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Rain, Hail & Snow Network

 Newsletter                                      September 2014 
Florida CoCoRaHS State Coordinator / Asst. State Climatologist
(850) 644-0719 [email protected]
Observer Comments of the Month

Reading the observer comments has become one of my favorite ways to start my mornings. Each day, I pour a cup of coffee and sit back to read over the comments, which have been very informative, tell stories, and can be pretty amusing. So with that, let's get to some of my favorite comments from August...  


FL-HB-12 on 8/2/2014: "Hit twice w/ convective activity: the first round was during the late afternoon from normal sea breeze interaction. The second was much later from outflow boundary interaction. Love it. Not much terms of rain but quite a show." 


FL-MR-12 on 8/7/2014: "If you look on a map of Florida, then Ocala, you will see the Ocala Nation Forest. I live in SW Ocala Along the Interstate where we get very little rain when the storms come through. Thus I call the area The Ocala National Desert." 


FL-DV-47 on 8/16/2014: "I didn't notice when this shower came through. Mostly dry throughout the day except for some thunder in the distance. Usual hot and humid weather continues. However, the tropics remain quiet, I'm happy to note." 


FL-CY-34 on 8/23/2014: "This was a very intense storm with initial winds from the south at about 25-30 mph. The winds shifted to the E-SE and increased to 50-60 mph for about five minutes. The storm(s) past through our neighborhood at about 5:00PM. This was clearly the most intense storm in several years."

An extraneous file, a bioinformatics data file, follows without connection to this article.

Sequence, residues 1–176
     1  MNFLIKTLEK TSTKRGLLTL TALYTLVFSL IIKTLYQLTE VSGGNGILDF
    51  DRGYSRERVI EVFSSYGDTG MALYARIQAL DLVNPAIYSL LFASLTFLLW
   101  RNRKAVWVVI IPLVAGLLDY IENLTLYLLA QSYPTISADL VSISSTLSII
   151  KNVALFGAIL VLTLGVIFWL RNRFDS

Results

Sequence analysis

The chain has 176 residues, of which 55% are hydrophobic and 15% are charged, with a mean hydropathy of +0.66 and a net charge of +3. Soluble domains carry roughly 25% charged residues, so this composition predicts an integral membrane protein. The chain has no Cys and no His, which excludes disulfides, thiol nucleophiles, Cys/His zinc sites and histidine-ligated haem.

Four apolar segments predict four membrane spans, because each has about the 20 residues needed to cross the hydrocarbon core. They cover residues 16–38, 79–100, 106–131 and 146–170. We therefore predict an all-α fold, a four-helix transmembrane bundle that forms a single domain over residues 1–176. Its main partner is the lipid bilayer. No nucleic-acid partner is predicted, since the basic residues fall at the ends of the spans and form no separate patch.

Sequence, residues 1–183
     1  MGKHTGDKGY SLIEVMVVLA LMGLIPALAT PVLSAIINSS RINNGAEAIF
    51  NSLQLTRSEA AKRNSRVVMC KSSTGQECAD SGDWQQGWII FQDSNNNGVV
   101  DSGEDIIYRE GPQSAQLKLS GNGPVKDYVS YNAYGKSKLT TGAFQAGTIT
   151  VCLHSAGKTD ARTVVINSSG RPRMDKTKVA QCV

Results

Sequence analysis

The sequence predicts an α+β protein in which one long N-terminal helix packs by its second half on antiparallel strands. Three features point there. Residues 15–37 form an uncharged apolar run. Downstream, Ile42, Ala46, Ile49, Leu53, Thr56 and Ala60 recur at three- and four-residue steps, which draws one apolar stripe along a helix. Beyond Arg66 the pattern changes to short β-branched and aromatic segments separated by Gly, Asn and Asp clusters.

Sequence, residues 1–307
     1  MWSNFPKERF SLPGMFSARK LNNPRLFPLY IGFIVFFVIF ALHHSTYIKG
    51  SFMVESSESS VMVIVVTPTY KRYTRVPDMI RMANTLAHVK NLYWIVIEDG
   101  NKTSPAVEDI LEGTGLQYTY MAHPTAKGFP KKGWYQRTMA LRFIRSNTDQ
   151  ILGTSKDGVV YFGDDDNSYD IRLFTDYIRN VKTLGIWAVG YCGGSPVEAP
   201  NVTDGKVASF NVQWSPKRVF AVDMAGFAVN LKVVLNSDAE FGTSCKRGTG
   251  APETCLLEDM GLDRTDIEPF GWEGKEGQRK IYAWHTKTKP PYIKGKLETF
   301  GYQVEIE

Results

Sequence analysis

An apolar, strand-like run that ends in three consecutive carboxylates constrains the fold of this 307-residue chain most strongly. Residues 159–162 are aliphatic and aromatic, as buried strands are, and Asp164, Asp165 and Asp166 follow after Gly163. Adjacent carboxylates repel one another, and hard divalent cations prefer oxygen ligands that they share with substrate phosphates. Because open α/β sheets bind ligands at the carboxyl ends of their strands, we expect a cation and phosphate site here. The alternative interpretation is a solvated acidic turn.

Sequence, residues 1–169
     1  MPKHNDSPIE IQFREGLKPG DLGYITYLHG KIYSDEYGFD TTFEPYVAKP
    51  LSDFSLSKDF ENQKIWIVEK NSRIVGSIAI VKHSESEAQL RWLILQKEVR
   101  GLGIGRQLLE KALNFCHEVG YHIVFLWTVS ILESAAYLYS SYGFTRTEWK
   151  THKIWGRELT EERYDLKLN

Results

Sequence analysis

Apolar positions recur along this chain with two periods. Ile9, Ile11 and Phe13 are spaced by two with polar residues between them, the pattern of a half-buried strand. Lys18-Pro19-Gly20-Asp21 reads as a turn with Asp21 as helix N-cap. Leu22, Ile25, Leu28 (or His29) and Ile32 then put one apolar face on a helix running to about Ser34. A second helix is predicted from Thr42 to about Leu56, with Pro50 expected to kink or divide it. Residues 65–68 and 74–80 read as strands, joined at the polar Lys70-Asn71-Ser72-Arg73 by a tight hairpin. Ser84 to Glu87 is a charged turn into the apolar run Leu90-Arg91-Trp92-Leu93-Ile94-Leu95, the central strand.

FL-OB-2 on 8/28/2014: "kbdi 494" KBDI stands for Keetch Byram Drought Index and is used as a measure to determine forest fire potential.  It's based on a daily water balance with precipitation, soil moisture and soil moisture depletion, and is expressed from 0 (wet conditions) to 800 (extremely dry conditions).  You can find out more about KBDI at:

Hurricane Season Update


The graphic above shows we are pretty close to the peak of the 2014 Hurricane Season. So far, we had Arthur brush the North Carolina coast in early July, Bertha impacted various locations in the Caribbean Sea before turning and staying well off the U.S. East Coast, and Cristobal clipping the Bahamas. Each one of these storms reached hurricane status during their life spans. 


And we still have a long way to go in the season...


Make sure you are prepared and stay tuned to the National Hurricane Center and your local National Weather Service office for official updates and information during the remainder of the 2014 Hurricane Season.

Observer Photos

Bob (one of our observers since 2010) shared this picture of an interesting cloud formation that formed to the SW of his home in Marion County.


Since I'm also a CoCoRaHS observer, I thought I would share two of my own pictures this month.  This picture was taken on August 3rd, coming back over the bridge from Saint George Island.  This storm produced hail and storm damage in Hosford, FL.


The picture below was taken out at the East Pass in Destin, FL on the morning of the 24th. 


I would love to get pictures from other observers too! So as you're out and about over the next month, snap a couple of photos and send them my way. You may see them in our next newsletter.